- A clear concept in John Steinbeck's The Grapes Of Wrath was the way families were run. At the beginning of the twentieth century, men led the family. They made the decisions and they made the money for the family while the women worked behind the scenes and kept everything going. What the men did not realize, or did not want to recognize, was that the women were the ones who were really in control. Though they did not take credit for it, they were the ones who bought and cooked the food the men ate, bore and reared the children the men helped create, and did everything they could to make a better life for themselves and their families.... [tags: John Steinbeck, Grapes Of Wrath,]
1054 words (3 pages)
- The media makes a significant contribution to the depiction of today 's society. Unfortunately, the news coverage focuses only on the misdeeds and crimes that people commit. Although it has been 76 years since John Steinbeck published The Grapes of Wrath, his argument exploring the reason behind humanity 's tendency to be evil during the Dust Bowl migrant flight to California is applicable to the motivation behind crimes committed today. Throughout Chapter 25 of The Grapes of Wrath by John Steinbeck, he uses the progression of Utopia being destroyed by men through the allusion to the Garden of Eden and the event of Eve biting the apple.... [tags: John Steinbeck, The Grapes of Wrath, Dust Bowl]
1190 words (3.4 pages)
- Grimm 1 Alanna Grimm Ms. Lucibello English 11 H 16 October 2015 What embodies a “Great American Novel?” A Great American novel is defined as “…any novel that is regarded as having successfully represented an important time in US history or one that tells a story that is typical of America.” The Grapes of Wrath is undeniably the most obvious choice to be considered for this role. The Grapes of Wrath, written by John Steinbeck, is an incredible novel written during the time period of the Dust Bowl in America.... [tags: The Grapes of Wrath, John Steinbeck, Dust Bowl]
1562 words (4.5 pages)
- John Steinbeck was an author whose stories often showed the suffering and oppression that certain groups such as migrant workers were forced to endure. It was during the Modernist Period of English literature, that he wrote The Grapes of Wrath, one of his most famous novels. It was published in 1939, and became one of his most popular works despite all the criticism it generated and is regarded as one the most important books about the Great Depression (Routledge). John Steinbeck was born on February 27, 1902, in Salinas, California (Winters).... [tags: The Grapes of Wrath, John Steinbeck, Henry Fonda]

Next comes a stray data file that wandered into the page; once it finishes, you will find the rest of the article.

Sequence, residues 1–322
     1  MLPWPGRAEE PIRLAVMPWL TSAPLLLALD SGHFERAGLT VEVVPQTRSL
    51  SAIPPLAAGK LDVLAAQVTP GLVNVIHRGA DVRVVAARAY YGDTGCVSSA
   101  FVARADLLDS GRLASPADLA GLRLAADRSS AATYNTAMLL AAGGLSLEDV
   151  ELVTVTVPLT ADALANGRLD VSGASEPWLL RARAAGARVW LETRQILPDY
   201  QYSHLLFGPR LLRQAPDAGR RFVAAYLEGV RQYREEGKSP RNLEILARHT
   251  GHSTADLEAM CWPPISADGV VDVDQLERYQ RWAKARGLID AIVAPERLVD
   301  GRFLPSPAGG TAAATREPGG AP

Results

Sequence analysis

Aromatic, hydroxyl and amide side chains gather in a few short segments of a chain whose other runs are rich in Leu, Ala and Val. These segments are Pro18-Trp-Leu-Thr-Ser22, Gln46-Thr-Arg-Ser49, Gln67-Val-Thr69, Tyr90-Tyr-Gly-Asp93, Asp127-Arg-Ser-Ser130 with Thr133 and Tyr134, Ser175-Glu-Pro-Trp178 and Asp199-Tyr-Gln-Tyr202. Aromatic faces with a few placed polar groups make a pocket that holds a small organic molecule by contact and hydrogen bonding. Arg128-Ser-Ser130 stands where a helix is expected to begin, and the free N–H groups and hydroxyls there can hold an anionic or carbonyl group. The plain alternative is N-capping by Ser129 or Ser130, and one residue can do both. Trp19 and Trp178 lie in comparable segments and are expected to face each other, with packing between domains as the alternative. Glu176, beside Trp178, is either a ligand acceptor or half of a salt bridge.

2418 words (6.9 pages)
- John Steinbeck's The Grapes of Wrath Throughout his book, the Grapes of Wrath, John Steinbeck employs the principles of Foucault’s theory that power exists as a result of consent. This is particularly the case in the relations between the Joad family. Chapter ten includes specific scenes in which the family members’ assumed positions of power are focused on and explained. When Jim Casy asks if he can accompany the Joads on their migratory trip to California, Ma looks to Tom to speak, “because he [is] a man”.... [tags: John Steinbeck Grapes Wrath Essays]
512 words (1.5 pages)
- The Great Depression and John Steinbeck's The Grapes of Wrath Though most Americans are aware of the Great Depression of 1929, which may well be "the most serious problem facing our free enterprise economic system", few know of the many Americans who lost their homes, life savings and jobs. This paper briefly states the causes of the depression and summarizes the vast problems Americans faced during the eleven years of its span. This paper primarily focuses on what life was like for farmers during the time of the Depression, as portrayed in John Steinbeck's The Grapes of Wrath, and tells what the government did to end the Depression.... [tags: John Steinbeck The Grapes of Wrath]
1699 words (4.9 pages)
- The Power of The Grapes of Wrath Steinbeck has become one of my favorite writers -- for the love he has for his characters, the loveliness of his language, and the clear-eyed conviction with which he writes. Originally, I failed to see the beauty in Steinbeck's people, though it is plainly there. Perhaps I hadn't seen enough of the world myself, yet. There was a lot I didn't understand about people. What Steinbeck does so well is to show people's struggle for simple human decency in the face of meanness and ignorance.... [tags: The Grapes of Wrath John Steinbeck]
1104 words (3.2 pages)